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Diwali, the festival of lights is celebrated with great enthusiasm by Indians all over the world. It is a five day Hindu festival and during this time, homes are cleaned and windows are opened to welcome Lakshmi, goddess of wealth.

Candles and lamps are lit as a greeting to the goddess, while gifts are exchanged and festive meals are prepared to celebrate this happy occasion.

Lamp or “Deep” is the symbol of knowledge. Lighting the lamp of knowledge within us means to understand and reflect upon the significant purpose of each of the five days of Diwali festivities and to bring those thoughts in to our day to day lives.

Diya is a small lamp and it is also known as 'Deepak' or 'Deep'. We may call a deep, the traditional replacement of candles. The diyas could be of made of metals and blue pottery also as designer diyas have deen introduced in the stores, but usually the diyas are made by clay and then baked.

In the Hindu culture the deepaks made of clay have special significance, as they are preferred in all the holy rituals and worship of Gods and Goddesses. The small clay diyas are heavily in demand when it is time to celebrate Diwali. The bond between Diwali and diya is just as unique. Diwali is a festival of lights and the diya exists only to give light to the world.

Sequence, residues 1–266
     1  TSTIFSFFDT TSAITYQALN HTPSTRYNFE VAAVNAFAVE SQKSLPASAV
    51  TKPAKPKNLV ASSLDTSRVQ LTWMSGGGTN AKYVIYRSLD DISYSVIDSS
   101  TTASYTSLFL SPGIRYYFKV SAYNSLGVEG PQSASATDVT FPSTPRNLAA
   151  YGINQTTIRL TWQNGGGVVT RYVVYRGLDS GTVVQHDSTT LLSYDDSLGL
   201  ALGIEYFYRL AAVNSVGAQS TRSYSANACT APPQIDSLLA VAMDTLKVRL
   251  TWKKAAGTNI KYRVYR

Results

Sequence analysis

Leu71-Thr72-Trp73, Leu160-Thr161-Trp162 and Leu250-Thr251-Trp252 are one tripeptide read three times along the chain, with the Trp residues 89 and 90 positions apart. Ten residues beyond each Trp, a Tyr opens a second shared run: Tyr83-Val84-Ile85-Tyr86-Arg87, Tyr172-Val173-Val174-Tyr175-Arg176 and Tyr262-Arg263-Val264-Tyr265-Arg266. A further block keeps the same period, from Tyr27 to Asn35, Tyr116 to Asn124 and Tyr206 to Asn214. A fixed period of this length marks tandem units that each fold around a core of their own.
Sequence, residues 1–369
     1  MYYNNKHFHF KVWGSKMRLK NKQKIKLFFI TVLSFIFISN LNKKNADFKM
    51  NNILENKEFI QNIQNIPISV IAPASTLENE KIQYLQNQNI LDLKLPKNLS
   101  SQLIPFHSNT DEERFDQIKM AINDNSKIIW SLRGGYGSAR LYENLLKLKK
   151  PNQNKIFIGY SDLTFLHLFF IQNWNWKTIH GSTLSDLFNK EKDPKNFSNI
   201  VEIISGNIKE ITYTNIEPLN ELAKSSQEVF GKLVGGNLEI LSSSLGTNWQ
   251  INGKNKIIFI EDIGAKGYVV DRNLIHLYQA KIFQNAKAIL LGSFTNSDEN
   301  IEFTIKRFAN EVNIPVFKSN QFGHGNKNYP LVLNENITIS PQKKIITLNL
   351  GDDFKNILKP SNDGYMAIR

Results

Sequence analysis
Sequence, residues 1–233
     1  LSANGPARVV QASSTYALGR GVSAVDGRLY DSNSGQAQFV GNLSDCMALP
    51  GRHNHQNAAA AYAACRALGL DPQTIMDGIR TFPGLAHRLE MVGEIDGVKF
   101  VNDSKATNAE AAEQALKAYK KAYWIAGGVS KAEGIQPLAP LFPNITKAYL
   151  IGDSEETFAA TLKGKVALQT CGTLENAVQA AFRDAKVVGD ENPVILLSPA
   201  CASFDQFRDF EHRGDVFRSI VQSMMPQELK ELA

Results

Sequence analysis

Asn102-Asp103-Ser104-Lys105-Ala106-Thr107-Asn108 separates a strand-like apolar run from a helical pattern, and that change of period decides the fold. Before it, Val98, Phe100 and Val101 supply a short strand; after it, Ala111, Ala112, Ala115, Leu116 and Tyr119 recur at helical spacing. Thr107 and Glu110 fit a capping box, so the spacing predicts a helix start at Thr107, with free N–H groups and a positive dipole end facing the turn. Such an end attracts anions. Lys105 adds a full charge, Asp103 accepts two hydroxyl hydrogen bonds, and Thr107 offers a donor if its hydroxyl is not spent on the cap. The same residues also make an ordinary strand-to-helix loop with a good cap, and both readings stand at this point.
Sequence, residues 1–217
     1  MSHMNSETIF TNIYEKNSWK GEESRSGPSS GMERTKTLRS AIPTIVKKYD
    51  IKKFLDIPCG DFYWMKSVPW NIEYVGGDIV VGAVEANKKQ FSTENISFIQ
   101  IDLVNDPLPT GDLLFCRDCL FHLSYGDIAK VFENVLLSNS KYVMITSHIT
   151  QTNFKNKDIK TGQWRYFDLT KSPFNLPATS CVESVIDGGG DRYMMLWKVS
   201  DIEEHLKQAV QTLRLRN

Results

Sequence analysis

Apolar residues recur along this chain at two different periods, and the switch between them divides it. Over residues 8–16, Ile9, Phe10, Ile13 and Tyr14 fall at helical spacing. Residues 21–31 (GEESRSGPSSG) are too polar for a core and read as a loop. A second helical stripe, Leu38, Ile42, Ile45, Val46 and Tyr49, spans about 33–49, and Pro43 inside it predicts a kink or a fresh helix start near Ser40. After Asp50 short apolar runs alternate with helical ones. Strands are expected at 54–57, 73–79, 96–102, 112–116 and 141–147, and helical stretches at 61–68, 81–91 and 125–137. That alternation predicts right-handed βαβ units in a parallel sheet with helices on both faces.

Hindu Diya Candle







Lighting a deep as aarti before the Gods and Goddesses is a custom but these deeps are also used for lighting entire home and premises during all the five days of Diwali festival. The deeps are filled with ghee or oil, which work as fuel for it and a wick, usually made of cotton, is adjusted in the diya.

Variants: Deeya.

I light the dawn/dusk lamp,
whose light reminds us the Knowledge Principle of the supreme Lord,
which removes the darkness of ignorance and helps us achieve all in life and after.

Swami Chinmayananda


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